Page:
Anna Sango

In response to the Disembodied Territories project brief, I have chosen to explore the formation of black femme subjectivity amongst the violent capitalist, patriarchal and neo-colonial constructions of space in African cities. In this video submission I explore a black feminist reading of the cinematic and the geographic, centring subjectivity and the enactment of black femme refusal and resistance as disruptions to spatial narratives that cater to Western, hegemonic imaginations.i Inspired by Alexis Pauline Gumb’s “scenes of black feminist fugitivity” (2016), this video explores the relationship between historical trauma, the body and the city – relationships that are intimately inscribed in the geographies of Johannesburg, South Africa.

In Subtle Geographies the filmic practice refuses chronological time and favours tense-less impermanence, perpetual restlessness and fragmentation as ways to construct a cinematic “otherwise”. This emerges through a collaged visual and sonic landscapeii, which reconfigures and disrupts the cinematic frame in order to move past a desire to be representable and legible. Here, I have used my personal archive of Johannesburg – including collages, photographs and video footage – as well as text clippings from the Chimurenga Chronic. The video piece includes audio from two short films: ‘Cycles’ (1970) by Zeinabu irene Davis and ‘Territories’ (1984) by Isaac Julien; music from Spaza’s ‘Sizwile’, The Wretched’s ‘What is History’ and Erykah Badu’s ‘Twinkle’; and interviews of Alice Coltrane (view here) and Winnie Madikizela-Mandela (view here). I am also reading from Audre Lorde’s ‘A Litany for Survival’ and ‘A Song for Many Movements’.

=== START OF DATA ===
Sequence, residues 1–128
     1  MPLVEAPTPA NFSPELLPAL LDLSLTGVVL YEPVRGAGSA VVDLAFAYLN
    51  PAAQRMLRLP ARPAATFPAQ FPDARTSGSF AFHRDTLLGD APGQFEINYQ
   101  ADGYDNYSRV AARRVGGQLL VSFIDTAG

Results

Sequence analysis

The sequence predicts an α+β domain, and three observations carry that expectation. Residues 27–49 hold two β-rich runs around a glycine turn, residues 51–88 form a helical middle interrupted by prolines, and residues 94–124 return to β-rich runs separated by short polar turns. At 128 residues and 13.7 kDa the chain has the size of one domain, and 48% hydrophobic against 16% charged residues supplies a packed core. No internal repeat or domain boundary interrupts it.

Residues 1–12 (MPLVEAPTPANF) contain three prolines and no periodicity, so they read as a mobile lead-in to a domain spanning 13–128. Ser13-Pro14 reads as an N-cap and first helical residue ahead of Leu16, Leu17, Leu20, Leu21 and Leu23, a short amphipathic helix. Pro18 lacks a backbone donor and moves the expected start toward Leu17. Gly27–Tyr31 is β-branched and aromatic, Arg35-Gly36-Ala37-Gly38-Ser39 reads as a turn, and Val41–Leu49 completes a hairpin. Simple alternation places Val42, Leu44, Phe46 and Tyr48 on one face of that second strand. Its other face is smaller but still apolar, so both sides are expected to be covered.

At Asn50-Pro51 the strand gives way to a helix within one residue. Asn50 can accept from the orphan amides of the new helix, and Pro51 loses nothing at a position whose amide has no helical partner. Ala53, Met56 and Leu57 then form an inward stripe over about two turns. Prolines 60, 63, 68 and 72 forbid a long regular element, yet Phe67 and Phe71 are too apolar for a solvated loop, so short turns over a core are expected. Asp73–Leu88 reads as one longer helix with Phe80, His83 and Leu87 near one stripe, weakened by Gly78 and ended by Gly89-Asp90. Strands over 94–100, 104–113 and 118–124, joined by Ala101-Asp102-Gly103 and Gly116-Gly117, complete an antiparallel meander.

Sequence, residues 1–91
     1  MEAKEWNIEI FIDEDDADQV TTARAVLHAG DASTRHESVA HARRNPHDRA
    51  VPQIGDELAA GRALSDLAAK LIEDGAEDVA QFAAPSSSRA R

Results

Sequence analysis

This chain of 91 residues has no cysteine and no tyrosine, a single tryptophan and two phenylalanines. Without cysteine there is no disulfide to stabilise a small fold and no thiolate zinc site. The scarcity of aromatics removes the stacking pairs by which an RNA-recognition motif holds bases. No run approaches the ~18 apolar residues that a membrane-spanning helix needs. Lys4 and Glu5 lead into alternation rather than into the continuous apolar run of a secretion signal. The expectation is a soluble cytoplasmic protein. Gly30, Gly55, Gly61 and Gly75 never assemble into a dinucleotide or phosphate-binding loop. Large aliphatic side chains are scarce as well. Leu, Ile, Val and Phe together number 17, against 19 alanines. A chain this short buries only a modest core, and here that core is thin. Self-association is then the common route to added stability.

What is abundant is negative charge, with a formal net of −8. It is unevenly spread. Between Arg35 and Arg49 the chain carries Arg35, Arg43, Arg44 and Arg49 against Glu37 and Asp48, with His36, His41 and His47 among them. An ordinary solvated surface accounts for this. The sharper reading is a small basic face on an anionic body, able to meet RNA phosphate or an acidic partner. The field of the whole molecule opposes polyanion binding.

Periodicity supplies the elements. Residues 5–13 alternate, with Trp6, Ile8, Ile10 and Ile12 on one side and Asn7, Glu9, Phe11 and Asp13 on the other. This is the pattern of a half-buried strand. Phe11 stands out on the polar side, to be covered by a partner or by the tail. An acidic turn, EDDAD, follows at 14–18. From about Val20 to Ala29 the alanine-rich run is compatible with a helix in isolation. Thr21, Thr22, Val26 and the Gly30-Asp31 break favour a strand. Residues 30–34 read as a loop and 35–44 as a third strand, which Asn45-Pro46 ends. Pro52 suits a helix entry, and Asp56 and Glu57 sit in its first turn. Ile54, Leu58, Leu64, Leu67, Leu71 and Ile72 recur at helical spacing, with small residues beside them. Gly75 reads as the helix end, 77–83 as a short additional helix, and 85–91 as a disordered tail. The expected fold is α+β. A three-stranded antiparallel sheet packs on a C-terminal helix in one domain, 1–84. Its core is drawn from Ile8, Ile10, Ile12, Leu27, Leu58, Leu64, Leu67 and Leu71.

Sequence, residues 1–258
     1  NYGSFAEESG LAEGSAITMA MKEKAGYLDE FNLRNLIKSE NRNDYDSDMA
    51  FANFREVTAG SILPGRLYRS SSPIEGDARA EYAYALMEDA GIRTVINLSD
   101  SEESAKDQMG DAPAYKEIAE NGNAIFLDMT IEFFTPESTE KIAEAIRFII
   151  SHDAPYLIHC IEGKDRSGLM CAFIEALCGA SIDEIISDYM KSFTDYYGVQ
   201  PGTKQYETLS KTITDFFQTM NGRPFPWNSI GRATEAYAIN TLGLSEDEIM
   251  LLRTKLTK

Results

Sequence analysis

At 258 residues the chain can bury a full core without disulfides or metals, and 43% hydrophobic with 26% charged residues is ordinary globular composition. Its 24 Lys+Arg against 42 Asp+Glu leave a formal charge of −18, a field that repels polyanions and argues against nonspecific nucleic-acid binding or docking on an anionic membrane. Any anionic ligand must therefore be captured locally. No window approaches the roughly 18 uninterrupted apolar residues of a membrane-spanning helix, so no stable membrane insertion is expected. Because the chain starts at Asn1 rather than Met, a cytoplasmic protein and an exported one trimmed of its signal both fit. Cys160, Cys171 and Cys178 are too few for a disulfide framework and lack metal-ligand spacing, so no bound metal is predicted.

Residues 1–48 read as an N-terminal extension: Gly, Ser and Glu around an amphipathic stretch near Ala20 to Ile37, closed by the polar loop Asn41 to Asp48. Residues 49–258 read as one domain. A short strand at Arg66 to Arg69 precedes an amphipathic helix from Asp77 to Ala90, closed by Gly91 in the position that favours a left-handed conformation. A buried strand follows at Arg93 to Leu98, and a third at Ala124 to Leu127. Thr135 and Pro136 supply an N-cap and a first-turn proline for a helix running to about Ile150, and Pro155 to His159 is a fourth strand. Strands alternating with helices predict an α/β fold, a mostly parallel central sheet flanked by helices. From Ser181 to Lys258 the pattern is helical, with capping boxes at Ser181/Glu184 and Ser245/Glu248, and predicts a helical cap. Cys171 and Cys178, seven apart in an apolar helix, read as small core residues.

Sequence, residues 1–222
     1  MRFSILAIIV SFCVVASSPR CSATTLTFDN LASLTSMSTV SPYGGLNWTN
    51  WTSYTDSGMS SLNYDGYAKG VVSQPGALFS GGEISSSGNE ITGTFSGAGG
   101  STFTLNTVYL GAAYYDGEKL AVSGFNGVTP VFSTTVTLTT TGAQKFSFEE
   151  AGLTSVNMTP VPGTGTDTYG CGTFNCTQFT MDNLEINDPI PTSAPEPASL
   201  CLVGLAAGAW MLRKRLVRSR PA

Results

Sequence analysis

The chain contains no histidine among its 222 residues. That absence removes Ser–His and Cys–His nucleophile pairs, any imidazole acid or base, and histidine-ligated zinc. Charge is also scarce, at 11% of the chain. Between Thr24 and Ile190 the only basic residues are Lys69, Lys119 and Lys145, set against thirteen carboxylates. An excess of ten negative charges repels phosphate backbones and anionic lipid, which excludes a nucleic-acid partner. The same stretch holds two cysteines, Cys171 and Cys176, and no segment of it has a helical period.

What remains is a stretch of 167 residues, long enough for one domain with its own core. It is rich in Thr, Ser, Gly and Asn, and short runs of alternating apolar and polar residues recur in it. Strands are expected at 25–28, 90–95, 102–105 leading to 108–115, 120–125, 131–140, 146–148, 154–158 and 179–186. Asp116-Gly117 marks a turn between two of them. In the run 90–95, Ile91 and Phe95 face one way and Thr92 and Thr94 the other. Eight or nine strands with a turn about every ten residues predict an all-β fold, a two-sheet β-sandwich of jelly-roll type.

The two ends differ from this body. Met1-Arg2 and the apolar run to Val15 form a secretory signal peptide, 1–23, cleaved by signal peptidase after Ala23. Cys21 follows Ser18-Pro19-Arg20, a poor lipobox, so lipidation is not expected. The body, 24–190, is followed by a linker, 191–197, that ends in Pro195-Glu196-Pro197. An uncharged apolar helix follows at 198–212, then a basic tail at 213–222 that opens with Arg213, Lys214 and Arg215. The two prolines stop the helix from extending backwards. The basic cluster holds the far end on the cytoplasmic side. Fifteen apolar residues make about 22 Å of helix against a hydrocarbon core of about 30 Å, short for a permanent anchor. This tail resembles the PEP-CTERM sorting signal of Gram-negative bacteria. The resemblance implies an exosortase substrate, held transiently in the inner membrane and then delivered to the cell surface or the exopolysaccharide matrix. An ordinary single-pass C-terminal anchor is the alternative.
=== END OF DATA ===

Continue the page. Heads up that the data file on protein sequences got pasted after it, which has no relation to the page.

Themes: Premonitions of Bodies, Presencing the Erotic

Methods: Collage, Experimental


Campt, T. (2017) Listening to Images. Durham: Duke University Press.

Gumbs, A. (2016) Spill: Scenes of Black Feminist Fugitivity. Durham: Duke University Press.

Lorde, A. (2019) The Black Unicorn. United Kingdom: Penguin Classics.

Mckittrick, K. (2006) Demonic Grounds: Black Women and the Cartographies of Struggle. Minneapolis: University of Minnesota Press.

Nyong’o, T. (2018) Afro-Fabulations: The Queer Drama of Black Life. New York: New York University Press.

[i] To read more about spatial narratives and hegemonic imaginations, see: UNCONFESSED ARCHITECTURES by Huda Tayob

[ii] For another piece centring sonic landscapes, see: SENSING CAIRO by Azza Ezzat

Anna Sango is a photographer, spatial practitioner and film student based in Johannesburg, South Africa. Her photographic work explores the complexities of the Johannesburg inner-city, capturing the liminal, still and in-flux nature of this environment. More broadly, her work explores every day, and personal, urban narratives of displacement, transnationalism and formations of subjectivity/being in relation to these processes. Black feminist and queer methodologies and practices are central to her research and creative practice. She is currently completing an MA in Film and Television, at the University of the Witwatersrand, with a research focus on black feminist geographies and experimental cinema.

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